There’s a line in the sorry tale told by a Canadian academic in this week’s Times Higher Education about the UK government “speaking out of both sides of its mouth”.
She is referring to its insistence that it wants to nurture higher education as a global trump card while simultaneously engaging in the immigration-bashing that hits overseas staff and students.
It’s clear that the government has a split personality on this issue, with the Home Office openly at war with the Department for Business, Innovation and Skills – but is it the only example of a contradictory approach to higher education?
While David Willetts has been a staunch defender of higher education as an international export, there is a feeling among some that the universities minister has said one thing and done another in the course of his reforms.
Willetts’ critics would say it’s not enough to proclaim that you champion education as a public good if your policies encourage a different view
His willingness to engage with argument and to see shades of grey has won him respect, and he has always said the right things about the public value of higher education.
But, critics would say, it’s not enough to proclaim that you are a champion of education as a public good if your policies encourage a different view.
So is it fair to cast the architect of the higher education market as a smiling assassin?
Writing in this week’s THE, Willetts states that he has tried to emulate Lionel Robbins, author of the eponymous report that led to the expansion of higher education 50 years ago, who “achieved a perfect equipoise between utilitarian arguments [for going to university] and confident appeals to the underlying value of study”.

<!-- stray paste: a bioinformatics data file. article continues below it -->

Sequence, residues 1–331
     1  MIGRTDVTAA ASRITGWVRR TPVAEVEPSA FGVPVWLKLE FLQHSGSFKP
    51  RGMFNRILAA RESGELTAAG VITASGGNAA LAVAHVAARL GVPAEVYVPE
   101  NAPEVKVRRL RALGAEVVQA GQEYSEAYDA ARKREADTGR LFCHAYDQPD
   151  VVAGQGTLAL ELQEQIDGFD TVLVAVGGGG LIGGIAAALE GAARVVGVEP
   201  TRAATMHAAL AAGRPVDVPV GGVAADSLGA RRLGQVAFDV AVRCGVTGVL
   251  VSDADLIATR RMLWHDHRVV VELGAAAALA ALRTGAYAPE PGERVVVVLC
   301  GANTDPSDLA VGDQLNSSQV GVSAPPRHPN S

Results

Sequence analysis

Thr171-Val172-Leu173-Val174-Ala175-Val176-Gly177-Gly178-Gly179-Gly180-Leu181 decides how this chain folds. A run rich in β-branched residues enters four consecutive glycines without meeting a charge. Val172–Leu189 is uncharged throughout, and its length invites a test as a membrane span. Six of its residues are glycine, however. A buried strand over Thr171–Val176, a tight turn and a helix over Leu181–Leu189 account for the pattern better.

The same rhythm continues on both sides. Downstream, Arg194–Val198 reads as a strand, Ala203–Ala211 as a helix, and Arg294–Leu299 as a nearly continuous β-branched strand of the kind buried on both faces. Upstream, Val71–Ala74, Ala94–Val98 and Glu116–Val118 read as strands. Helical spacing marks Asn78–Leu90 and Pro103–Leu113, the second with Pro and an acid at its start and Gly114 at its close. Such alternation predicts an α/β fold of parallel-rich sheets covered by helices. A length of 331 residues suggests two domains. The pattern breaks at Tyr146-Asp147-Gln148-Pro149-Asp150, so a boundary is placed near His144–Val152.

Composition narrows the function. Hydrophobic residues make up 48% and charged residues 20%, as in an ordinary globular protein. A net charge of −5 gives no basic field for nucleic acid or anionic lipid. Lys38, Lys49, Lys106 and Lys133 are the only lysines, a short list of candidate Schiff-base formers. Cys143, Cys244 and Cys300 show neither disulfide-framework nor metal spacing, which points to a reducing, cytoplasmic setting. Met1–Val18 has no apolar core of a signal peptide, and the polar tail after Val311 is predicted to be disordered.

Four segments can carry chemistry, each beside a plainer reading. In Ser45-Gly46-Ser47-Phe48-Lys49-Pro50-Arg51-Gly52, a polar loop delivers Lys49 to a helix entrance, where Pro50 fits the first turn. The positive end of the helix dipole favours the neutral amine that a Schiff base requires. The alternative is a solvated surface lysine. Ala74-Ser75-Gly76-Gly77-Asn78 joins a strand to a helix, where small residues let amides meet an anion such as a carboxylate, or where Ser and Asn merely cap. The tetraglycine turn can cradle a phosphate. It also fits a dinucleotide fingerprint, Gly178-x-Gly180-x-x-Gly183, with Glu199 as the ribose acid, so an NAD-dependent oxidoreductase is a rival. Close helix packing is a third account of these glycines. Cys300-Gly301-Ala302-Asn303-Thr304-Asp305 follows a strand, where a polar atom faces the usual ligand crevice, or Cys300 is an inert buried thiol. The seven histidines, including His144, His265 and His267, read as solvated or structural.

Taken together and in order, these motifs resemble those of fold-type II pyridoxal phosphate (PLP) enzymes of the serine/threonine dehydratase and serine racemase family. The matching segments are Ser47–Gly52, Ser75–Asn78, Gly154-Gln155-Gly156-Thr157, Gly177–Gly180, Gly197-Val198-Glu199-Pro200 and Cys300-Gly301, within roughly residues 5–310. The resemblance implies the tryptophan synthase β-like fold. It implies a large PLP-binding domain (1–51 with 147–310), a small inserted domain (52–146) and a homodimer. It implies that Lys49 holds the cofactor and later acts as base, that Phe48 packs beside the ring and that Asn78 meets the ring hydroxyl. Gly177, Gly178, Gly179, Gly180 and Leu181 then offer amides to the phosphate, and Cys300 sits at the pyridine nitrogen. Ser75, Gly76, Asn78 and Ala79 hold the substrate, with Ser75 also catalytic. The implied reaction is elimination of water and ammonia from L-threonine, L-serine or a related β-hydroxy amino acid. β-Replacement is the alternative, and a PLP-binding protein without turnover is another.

Robbins “was not embarrassed about acknowledging the utility of higher education”, he writes, “but at the same time he exuded a fundamental belief in its broad value”.
The article was commissioned to allow the universities minister to set out the arguments he would have made in the “lost” chapter of the higher education White Paper, which was to have addressed the issue of “public good”.
Whether it convinces depends, perhaps, on whether you see the latest policy bombshell – the lifting of the student numbers cap – as a release from state shackles or the unleashing of yet stronger market forces that will further undermine the pure purpose of higher education (the waters are muddied further by the absence of a credible funding plan).
It also depends on what you think the impact has been of shifting so much of the funding burden from the state to the student.
In our opinions pages this week, Roger Brown, emeritus professor of higher education, argues that to preserve both the public and private benefits, “tuition fees need to continue to be counterbalanced with block grants to universities, regardless of their place in the perceived pecking order”.
Can the government really claim to put equal value on the public and private benefits having switched the financial load so firmly to the individual?
Willetts is right that a degree, whether in physics or philosophy, has wide benefits.
His challenge is to ensure that his determination to be seen as a pragmatic “believer” translates into policy that feeds both sides of the equation, and preserves a higher education system that is as balanced as the argument he makes.